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Old 6th February 2008, 07:15 PM   #14
jol50 is offline jol50  United States
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For one if you want to 'feel' it, you need 20Hz or at least 30. A sealed box rolls off on the bottom there but often rock does not go that low anyway. It depends on the Q of the sub and other things, but often a sealed box will be tighter and give more punch...less thump/rumble/thunder. If you want smooth sound you want both. Your enclosure affects this more than anything, but the drivers might not be able to do what you want I did not look them up. If they roll off that much you need larger box or likely ported box to get more bottom. Lots of rolloff is SPL setup and they don't sound good most of the time.

Initially you can try what I near always end up doing with sealed and that is go to walmart and buy a bag of $2 poly stuffing. Stuff the box for each sub at least half full or 3/4 for max effect. Do not pack it down in there, do it so the sub can still breath and cool itself near magnet/VC. This should smooth it out some by lowering the response sort of like making the box larger.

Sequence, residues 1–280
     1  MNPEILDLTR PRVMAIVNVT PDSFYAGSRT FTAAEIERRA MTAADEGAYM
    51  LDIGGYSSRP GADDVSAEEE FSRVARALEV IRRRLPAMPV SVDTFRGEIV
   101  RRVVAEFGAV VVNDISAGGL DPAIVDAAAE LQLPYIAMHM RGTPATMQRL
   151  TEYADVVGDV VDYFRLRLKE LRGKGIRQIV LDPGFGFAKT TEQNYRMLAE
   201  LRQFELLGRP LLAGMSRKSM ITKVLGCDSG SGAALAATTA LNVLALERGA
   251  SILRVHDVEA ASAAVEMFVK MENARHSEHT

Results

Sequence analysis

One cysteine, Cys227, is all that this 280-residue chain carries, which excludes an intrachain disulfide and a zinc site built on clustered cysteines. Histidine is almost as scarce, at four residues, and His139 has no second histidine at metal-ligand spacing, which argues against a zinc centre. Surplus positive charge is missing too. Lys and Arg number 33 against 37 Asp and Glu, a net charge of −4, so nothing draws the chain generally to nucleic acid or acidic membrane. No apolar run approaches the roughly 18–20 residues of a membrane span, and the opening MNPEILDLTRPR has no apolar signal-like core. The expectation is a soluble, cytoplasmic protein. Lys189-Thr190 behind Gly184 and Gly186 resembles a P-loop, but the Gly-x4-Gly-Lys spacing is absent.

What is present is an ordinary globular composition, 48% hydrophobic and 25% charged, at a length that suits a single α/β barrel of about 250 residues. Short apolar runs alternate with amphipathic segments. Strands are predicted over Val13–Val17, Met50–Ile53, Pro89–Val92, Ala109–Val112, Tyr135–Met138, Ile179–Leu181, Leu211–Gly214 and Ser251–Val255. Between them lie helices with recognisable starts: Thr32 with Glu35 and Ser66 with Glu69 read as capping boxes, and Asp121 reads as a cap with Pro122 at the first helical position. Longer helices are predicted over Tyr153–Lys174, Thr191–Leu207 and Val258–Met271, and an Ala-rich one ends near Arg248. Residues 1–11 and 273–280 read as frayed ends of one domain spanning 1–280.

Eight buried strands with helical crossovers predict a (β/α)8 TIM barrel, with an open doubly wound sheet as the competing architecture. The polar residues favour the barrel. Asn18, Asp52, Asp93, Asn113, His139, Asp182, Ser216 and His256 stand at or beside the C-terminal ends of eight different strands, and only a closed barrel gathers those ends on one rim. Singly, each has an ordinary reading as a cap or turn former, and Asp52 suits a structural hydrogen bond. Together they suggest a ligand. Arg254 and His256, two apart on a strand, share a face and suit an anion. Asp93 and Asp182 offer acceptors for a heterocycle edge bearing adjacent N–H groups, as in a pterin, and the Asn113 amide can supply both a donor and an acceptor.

Another issue you often get with small sealed is they peak hard at 100hz or whatever. What happens is if you turn the crossover up you get tons off midbass because they get very efficient up there. You cut them back and loose a lot of db because they are rolling off down low....it is not a good setup and difficult to tune. A crossover with variable slope can help as well as a parametric eq for subs. Problem is you still have a sub setup that does not want to produce low sounds like it does midbass....it does not want to do what you want it to. Everyone wants a tiny box though, and that is the way many of them work without just the right driver in them. Many low Q drivers that will often have a peaky response as well even though lower Hz response. In a hurry someone catch me if any of that is wrong.

-9db is a dead sub, you will hardly hear those frequencies at all and find it difficult to force it out of them even with an eq. It can be done with lots of power, but IMO not worth the hassle when you can go to a better setup that meets your needs unless you have serious reason not to change/mod what you have.

Note that a ported box will need to be larger.
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Old 6th February 2008, 07:15 PM   #15